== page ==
Generation status: Canadian-born children of immigrants

Box: National Household Survey

This is the first release of data from the National Household Survey (NHS). Roughly 4.5 million households across Canada were selected for the NHS, representing about one-third of all households.

This NHS in Brief article, together with the article Obtaining Canadian citizenship, Catalogue no. 99-010-X2011003, complements the analytical document Immigration and Ethnocultural Diversity in Canada, Catalogue no. 99-010-X2011001.

Further information on the National Household Survey can be found in the National Household Survey User Guide, Catalogue no. 99-001-X. Specific information on the quality and comparability of NHS data on immigration and ethnocultural diversity data can be found in the series of reference guides for these topics.

Introduction

The ethnocultural characteristics of the population vary considerably according to the number of generations a person's ancestors have lived in Canada. The characteristics of each generation reflect the origins of various waves of immigrants who have settled in Canada over time.

The 2011 National Household Survey (NHS) provides data that allow the analysis of the Canadian population on the basis of generation status. This term 'generation status' refers to whether a person or their parents were born in Canada. Specifically, the data identify whether people are first, second or third generation or more in Canada.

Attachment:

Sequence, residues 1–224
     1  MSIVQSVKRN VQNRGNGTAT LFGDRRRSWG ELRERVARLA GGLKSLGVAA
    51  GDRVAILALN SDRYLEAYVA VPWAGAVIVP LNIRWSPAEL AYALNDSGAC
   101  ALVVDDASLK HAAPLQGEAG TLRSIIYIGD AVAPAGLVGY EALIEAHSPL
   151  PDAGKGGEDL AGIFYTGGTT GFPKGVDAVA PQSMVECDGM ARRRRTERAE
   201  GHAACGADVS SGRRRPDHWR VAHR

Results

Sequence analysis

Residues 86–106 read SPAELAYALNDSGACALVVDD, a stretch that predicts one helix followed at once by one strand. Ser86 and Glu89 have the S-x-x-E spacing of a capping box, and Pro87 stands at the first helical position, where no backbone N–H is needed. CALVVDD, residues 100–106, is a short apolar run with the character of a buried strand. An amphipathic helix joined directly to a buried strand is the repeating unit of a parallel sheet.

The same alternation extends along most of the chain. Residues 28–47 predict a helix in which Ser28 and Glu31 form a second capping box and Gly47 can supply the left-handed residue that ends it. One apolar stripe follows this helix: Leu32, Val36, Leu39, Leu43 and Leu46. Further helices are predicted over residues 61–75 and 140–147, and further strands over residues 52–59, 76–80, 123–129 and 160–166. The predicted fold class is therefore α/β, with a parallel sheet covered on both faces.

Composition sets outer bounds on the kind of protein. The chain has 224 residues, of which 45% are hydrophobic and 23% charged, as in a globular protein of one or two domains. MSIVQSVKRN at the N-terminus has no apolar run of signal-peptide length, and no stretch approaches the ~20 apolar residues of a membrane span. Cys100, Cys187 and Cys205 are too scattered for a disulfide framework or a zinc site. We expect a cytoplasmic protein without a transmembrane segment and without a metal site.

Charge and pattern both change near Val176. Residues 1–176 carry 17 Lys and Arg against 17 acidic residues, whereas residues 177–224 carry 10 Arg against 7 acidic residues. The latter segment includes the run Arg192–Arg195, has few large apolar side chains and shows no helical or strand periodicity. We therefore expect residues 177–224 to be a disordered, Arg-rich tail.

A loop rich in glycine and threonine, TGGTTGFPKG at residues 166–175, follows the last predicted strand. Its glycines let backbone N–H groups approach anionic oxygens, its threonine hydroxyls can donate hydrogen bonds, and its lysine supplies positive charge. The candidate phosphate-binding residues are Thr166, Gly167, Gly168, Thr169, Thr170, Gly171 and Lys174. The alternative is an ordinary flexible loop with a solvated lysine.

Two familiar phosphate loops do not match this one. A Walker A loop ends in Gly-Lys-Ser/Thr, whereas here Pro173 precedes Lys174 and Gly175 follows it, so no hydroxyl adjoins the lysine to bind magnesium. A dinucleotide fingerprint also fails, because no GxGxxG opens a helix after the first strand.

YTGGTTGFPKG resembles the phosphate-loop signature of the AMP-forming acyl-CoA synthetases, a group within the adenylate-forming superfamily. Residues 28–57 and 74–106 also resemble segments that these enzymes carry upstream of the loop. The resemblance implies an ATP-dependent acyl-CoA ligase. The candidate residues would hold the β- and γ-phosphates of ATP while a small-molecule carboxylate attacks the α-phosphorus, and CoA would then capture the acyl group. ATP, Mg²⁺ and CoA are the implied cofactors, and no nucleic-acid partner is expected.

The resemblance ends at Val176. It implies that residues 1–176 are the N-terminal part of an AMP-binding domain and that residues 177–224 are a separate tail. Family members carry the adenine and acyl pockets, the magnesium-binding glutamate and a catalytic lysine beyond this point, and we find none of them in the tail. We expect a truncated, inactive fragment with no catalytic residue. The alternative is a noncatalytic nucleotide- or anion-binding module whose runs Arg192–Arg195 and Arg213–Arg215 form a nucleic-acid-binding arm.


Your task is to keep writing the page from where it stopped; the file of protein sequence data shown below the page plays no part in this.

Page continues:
This NHS in Brief examines the population according to generation status, focusing on those who are second generation, that is, those who are Canadian-born and for whom one or both parents were born outside Canada. This group is having a growing impact on the nation's future. Its members can be considered as a bridge between the first generation newcomers and those who have been in the country for at least three generations.

The generations: A quick look

Here is a thumbnail sketch of each generation using data from the 2011 NHS:

  • First generation refers to people who were born outside Canada. The 2011 NHS data showed there were 7,217,300 people in the first generation in 2011, or 22.0% of the total population. This is a diverse group, whose country of birth is represented by around 200 countries. The vast majority (93.9%) are individuals who are, or have ever been, immigrants to Canada. In addition, 4.9% are non-permanent residents, defined as people from another country who, at the time of the survey, have a work or study permit or who are refugee claimants. It also includes any non-Canadian-born family members living with them in Canada. Also included in the first generation are roughly 87,400 people who are Canadian citizens by birth; that is, they were born outside Canada to parents who are Canadian citizens.